“Afterward Jesus appeared again to his disciples, by the Sea of Galilee. It happened this way: Simon Peter, Thomas (also known as Didymus ), Nathanael from Cana in Galilee, the sons of Zebedee, and two other disciples were together. “I’m going out to fish,” Simon Peter told them, and they said, “We’ll go with you.” So they went out and got into the boat, but that night they caught nothing.
Early in the morning, Jesus stood on the shore, but the disciples did not realize that it was Jesus.
He called out to them, “Friends, haven’t you any fish?”
“No,” they answered.
He said, “Throw your net on the right side of the boat and you will find some.” When they did, they were unable to haul the net in because of the large number of fish.
Then the disciple whom Jesus loved said to Peter, “It is the Lord!” As soon as Simon Peter heard him say, “It is the Lord,” he wrapped his outer garment around him (for he had taken it off) and jumped into the water. The other disciples followed in the boat, towing the net full of fish, for they were not far from shore, about a hundred yards. When they landed, they saw a fire of burning coals there with fish on it, and some bread.
Jesus said to them, “Bring some of the fish you have just caught.” So Simon Peter climbed back into the boat and dragged the net ashore. It was full of large fish, 153, but even with so many the net was not torn. Jesus said to them, “Come and have breakfast.” None of the disciples dared ask him, “Who are you?” They knew it was the Lord. Jesus came, took the bread and gave it to them, and did the same with the fish. This was now the third time Jesus appeared to his disciples after he was raised from the dead.
When they had finished eating, Jesus said to Simon Peter, “Simon son of John, do you love me more than these?”
“Yes, Lord,” he said, “you know that I love you.”
Jesus said, “Feed my lambs.”
Again Jesus said, “Simon son of John, do you love me?”
He answered, “Yes, Lord, you know that I love you.”
Jesus said, “Take care of my sheep.”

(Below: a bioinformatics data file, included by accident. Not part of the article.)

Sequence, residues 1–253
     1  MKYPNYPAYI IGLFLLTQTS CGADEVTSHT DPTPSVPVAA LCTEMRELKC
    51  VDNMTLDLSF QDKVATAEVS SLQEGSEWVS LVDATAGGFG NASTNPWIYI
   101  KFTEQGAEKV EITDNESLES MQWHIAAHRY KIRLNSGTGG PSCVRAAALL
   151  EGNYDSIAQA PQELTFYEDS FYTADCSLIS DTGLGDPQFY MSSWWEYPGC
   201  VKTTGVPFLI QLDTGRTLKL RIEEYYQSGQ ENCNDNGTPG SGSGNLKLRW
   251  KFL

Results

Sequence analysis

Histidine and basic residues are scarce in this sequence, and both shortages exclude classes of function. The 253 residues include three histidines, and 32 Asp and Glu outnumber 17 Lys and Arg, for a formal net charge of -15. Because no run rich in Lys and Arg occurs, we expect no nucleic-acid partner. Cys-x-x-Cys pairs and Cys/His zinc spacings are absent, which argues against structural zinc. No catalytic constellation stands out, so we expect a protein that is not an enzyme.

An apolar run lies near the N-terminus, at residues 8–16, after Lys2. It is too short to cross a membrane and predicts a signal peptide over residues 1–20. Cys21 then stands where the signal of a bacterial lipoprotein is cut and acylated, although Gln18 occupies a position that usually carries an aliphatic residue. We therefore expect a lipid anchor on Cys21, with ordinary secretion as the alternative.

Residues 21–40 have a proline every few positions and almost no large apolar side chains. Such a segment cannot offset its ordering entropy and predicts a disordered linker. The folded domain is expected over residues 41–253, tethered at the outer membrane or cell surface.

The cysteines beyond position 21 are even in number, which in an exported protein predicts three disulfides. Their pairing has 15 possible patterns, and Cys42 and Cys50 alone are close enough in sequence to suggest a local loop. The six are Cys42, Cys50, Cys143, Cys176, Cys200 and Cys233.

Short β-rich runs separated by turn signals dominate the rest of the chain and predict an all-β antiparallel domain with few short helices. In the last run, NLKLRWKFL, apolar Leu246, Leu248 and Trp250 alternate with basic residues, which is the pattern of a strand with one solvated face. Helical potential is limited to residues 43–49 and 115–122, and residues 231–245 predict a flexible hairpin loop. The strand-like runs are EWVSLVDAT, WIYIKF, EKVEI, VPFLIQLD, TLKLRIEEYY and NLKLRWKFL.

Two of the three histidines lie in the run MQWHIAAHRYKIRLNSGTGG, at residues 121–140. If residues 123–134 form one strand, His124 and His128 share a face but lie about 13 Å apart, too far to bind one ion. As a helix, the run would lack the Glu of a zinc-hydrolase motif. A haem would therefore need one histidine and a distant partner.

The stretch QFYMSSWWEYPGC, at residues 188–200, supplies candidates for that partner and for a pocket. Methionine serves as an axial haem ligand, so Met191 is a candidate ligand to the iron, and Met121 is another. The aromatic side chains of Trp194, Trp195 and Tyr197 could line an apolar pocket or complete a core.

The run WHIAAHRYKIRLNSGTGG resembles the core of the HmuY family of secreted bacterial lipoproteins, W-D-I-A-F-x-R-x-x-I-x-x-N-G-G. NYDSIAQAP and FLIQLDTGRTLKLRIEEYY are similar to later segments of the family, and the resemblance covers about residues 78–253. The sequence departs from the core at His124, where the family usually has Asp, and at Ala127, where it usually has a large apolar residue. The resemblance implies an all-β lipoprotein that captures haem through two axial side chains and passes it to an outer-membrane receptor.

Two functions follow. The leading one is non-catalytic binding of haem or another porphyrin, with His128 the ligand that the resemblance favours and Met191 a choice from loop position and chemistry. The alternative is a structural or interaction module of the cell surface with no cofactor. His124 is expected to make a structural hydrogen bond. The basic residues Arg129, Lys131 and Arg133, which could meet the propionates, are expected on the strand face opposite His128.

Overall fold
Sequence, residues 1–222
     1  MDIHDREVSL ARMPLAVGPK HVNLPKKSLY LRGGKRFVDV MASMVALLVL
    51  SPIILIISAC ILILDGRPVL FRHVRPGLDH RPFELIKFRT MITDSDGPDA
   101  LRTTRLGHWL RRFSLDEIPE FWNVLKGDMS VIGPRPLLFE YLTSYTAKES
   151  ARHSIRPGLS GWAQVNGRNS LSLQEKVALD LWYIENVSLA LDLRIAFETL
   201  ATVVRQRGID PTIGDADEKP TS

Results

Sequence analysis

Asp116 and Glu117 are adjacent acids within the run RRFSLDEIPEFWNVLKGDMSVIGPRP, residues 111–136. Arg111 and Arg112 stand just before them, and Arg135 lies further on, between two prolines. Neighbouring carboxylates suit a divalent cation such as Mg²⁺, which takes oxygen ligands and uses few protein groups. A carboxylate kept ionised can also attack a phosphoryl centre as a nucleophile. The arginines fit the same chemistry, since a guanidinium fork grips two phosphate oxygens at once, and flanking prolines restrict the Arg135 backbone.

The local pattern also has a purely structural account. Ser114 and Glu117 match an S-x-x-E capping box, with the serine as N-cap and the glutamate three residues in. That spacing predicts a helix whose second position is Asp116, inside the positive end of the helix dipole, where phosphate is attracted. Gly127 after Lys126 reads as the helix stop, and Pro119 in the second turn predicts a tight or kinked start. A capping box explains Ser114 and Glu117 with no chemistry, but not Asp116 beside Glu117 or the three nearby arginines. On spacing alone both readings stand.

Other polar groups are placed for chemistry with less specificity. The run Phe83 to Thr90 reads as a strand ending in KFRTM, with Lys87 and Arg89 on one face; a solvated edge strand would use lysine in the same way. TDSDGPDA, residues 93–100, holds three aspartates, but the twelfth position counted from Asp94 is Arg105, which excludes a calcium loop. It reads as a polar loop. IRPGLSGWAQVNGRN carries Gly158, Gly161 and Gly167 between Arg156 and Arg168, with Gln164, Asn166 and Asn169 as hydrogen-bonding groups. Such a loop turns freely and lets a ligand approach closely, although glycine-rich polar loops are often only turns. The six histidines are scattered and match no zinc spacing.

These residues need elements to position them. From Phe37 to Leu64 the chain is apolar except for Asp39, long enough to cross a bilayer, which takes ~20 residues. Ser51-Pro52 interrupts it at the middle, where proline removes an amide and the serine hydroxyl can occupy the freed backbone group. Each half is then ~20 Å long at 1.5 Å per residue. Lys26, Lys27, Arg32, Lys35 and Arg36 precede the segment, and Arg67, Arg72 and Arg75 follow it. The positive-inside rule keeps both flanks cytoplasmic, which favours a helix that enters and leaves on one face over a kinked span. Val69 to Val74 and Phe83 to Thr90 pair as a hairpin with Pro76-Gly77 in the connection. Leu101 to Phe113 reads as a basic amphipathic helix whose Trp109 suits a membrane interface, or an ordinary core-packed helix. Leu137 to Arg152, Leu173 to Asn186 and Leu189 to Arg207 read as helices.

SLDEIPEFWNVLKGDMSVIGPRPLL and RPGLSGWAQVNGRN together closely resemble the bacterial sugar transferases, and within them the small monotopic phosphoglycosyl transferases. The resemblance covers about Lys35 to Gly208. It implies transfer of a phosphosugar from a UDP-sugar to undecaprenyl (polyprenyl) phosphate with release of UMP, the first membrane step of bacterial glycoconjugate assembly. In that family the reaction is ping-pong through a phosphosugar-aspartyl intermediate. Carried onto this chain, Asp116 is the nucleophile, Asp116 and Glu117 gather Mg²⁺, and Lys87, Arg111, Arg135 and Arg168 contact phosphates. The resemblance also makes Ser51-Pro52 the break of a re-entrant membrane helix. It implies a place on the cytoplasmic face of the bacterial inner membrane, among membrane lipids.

The third time he said to him, “Simon son of John, do you love me?”
Peter was hurt because Jesus asked him the third time, “Do you love me?” He said, “Lord, you know all things; you know that I love you.”
Jesus said, “Feed my sheep. Very truly I tell you, when you were younger you dressed yourself and went where you wanted; but when you are old you will stretch out your hands, and someone else will dress you and lead you where you do not want to go.” Jesus said this to indicate the kind of death by which Peter would glorify God.
Then he said to him, “Follow me!” (John 21:1–25)
Who are the sheep? Jesus says this figuratively to mean us. We are a group of people who need a leader like a flock of sheep have a shepherd. The word bishop means overseer, the one who watches over sheep. Pastor simply means shepherd. This image was used in Ancient Israel to refer to the relationship between a king and his subjects. Jesus is calling Peter to lead the Christian community.
What is this leadership that Jesus is calling Peter to? Is Peter the leader we need? And when we discuss Peter, we must remember that he was the leader of the apostles. What we say of him as a leader we are also saying of all the apostles.
What kind of person was it that Jesus was calling to leadership? Peter is the man who walked on the water, but began to sink because of his lack of faith. Peter is the man who swore he would die with Jesus. But when Jesus was about to die, Peter ran away and swore an oath that he did not know Jesus. Peter swore that he wanted nothing to do with Jesus. Three times. All the apostles except for one abandoned Jesus. These are the ones who will feed Jesus’ sheep!